Hands-On With the James McCabe Heritage Retrograde
Never In My Life Has a Watch Captured My Attention So Completely
Six weeks back I received an e-mail from Drew Meyer, who represents several watch brands. Among them is James McCabe, a highly-stylized microbrand that is doing what brands like Lucien Piccard should have done. Not long after that e-mail, the Heritage Retrograde arrived at my doorstep – courtesy of Drew – and it has commanded my interest ever since.
As the photos within this review will undoubtedly show, the Heritage Retrograde – a sub-$300 quartz casual watch – is among the most excellently styled (and stylized) watches I have come across in a good long time (if not ever). I’ve shied away from microbrands lately due to the feeling of “lather, rinse, and repeat” that I was starting to sense after receiving watch after watch that offered the same story and the same components.
But not the Heritage Retrograde. Not by a long shot. If this watch is anything, it’s a shining example of how you can build something genuinely gorgeous, price it right, and look like a champion in the process… if you really wanted to.
And I’m so glad they did. Let’s check this beauty out.
James McCabe Heritage Retrograde Technical Specifications
24-hour indicator, date display, day display (retrograde)
Estimated 3-5 years
50m / 165ft
About James McCabe Watches
The modern iteration of James McCabe as a watch brand is an excellent example of “heritage harvesting”, where the brand of a formerly famous or respected person or company – in this case, James McCabe – is used to give a modern brand an identity. Lucien Piccard is another example of this. However, unlike most examples of “heritage harvesting”, the modern take on James McCabe is, in my experience, an excellent example of how to pay homage to history while forging a new future.
Looks Aren’t Everything, But In This Case…
I mean, look at the case. The brilliant prismatic case is unlike anything I’ve encountered on a wristwatch before, and while I don’t doubt that other watches exist that also leverage this aesthetic, the Heritage Retrograde is the first I’ve encountered. Priced at £220.00 / $295, it’s also an affordable demonstration that gorgeous good looks don’t have to be expensive.
Almost opaline, it was Don that first gasped in amazement at the lustrous case and, upon further inspection, the buckle as well. James McCabe calls the case “ion coated anti-brass”; I call it wrist porn.
The beauty of the watch isn’t just reserved for the case and buckle – as excellent as they are – and the thoughtfulness of style and attention to detail continue onto the dial. Brass colored hands contrast brightly against the polychromatic dial, which has an almost hombre effect, the entirety of which exudes an unmistakable steampunk appeal.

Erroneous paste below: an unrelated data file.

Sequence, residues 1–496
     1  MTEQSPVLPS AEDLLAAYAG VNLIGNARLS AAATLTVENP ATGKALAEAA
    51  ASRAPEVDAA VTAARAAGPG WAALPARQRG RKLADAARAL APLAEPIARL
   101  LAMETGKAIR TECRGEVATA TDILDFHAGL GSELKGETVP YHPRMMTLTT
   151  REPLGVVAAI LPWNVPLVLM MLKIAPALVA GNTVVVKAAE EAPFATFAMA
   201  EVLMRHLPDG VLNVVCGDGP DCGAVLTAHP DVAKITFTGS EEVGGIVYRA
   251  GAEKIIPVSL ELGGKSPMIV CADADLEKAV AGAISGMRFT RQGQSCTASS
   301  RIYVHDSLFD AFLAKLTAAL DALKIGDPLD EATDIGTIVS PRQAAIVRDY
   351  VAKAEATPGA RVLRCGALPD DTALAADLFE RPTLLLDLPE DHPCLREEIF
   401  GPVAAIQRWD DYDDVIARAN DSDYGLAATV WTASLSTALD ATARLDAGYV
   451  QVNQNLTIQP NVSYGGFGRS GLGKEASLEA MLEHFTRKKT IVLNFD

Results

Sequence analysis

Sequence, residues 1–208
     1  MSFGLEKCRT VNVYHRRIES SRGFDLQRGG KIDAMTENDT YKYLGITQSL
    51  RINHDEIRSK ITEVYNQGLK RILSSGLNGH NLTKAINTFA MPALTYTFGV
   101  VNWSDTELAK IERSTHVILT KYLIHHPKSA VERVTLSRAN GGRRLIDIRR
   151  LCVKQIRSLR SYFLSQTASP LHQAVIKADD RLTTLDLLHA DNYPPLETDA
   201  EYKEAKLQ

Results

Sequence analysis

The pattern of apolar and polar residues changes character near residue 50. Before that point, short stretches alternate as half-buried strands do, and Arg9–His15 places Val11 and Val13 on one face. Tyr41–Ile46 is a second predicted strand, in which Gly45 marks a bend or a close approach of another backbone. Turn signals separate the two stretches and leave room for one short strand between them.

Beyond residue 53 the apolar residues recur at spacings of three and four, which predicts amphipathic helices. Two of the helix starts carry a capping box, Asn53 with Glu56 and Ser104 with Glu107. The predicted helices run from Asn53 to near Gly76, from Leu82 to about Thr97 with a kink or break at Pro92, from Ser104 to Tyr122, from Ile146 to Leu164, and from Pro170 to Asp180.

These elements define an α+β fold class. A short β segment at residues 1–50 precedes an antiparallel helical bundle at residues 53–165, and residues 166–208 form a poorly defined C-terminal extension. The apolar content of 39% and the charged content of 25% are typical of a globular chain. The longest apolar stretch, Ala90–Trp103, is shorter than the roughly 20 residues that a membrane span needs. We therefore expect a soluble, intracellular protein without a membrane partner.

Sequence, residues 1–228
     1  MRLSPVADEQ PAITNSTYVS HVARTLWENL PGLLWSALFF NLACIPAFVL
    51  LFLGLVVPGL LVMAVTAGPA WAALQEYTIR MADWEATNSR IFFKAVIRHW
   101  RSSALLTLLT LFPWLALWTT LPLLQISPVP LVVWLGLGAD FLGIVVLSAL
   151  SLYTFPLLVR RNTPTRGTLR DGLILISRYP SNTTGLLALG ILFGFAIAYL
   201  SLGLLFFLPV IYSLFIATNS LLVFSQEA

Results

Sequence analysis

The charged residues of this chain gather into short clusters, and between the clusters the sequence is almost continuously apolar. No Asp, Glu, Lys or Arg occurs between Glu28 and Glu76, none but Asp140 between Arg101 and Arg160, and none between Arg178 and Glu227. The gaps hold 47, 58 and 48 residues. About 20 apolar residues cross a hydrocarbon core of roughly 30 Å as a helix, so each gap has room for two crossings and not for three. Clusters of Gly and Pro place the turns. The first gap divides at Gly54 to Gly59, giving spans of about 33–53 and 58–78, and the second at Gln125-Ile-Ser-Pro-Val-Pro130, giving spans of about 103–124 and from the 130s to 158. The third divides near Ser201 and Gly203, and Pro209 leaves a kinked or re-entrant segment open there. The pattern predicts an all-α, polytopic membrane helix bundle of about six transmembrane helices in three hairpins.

It’s a watch that catches the eye – everyone’s eye – and is sure to start a conversation.
Sized For Any Wrist
At 39.5mm, the Heritage Retrograde is perfectly sized: large enough to stand out, styled to capture attention, but not so large as to become intrusive. On Don’s wrist, which is about the same size as mine (a hair under 7″ around), the Heritage looks absolutely posh tucked beneath a tasteful sport coat and dress shirt.
Its color makes it somewhat ostentatious. I’d be wary about wearing jeans and a t-shirt with it, but then again, as a colorblind fellow, I suppose I shouldn’t be speaking to what colors do and don’t do, regardless.
The Style Story Continues On The Back
Turn the Heritage Retrograde over and you’re presented with an intricately-engraved caseback that, again, features the same opalescent finish that the rest of the case enjoys. Taking photos of this watch has been an absolute pleasure because of it. I almost can’t tell what I enjoy more: the actual watch, or having it as a model to express my creative liberties with.
Why not both?
In any case, the caseback is an example of posh design that, again, evokes a vintage feeling. Nearly everyone I showed this piece to said that it reminded them of the 1800s in its design, and I think their assessments are right on the money.
On the Wrist
It’s sized right, yes, but the thick brown leather strap is far from comfortable. At least, such is the case for the first few wears. After a half-dozen or so days on the wrist it finally felt as if it had molded and was beginning to be comfortable.
Thanks to quick release pinbars, this is easy enough to change if you find the strap isn’t for you. I’m still on the fence about it, though aesthetically I think it’s the perfect companion to the watch.
You’ll Want to Wear This Watch
It’s hard for me to contain my excitement about things that tick all the right boxes. In this case, the Heritage Retrogade is an affordable, good looking, well-sized, and well-made watch that feels worth four-figures, but only costs low-three. That’s a huge win, especially in a world where brands are popping out of the woodwork to sell you an ODM watch with their logo on it.
For me, this James McCabe has done an excellent job in renewing my interest in microbrands and demonstrating that there are indeed brands out there trying to define their own personality.
At $300, it is somewhat “expensive” if all you consider is what it says on paper: it uses a Japanese quartz movement and mineral glass, after all. Some will argue that it’s a “fashion” watch, but I would strongly disagree: not only is it a good looker, but it’s made as well as any other watch I’ve worn in its price range.
The James McCabe Heritage Retrograde is a rare example of microbrand watchmaking at its best, and I absolutely adore it.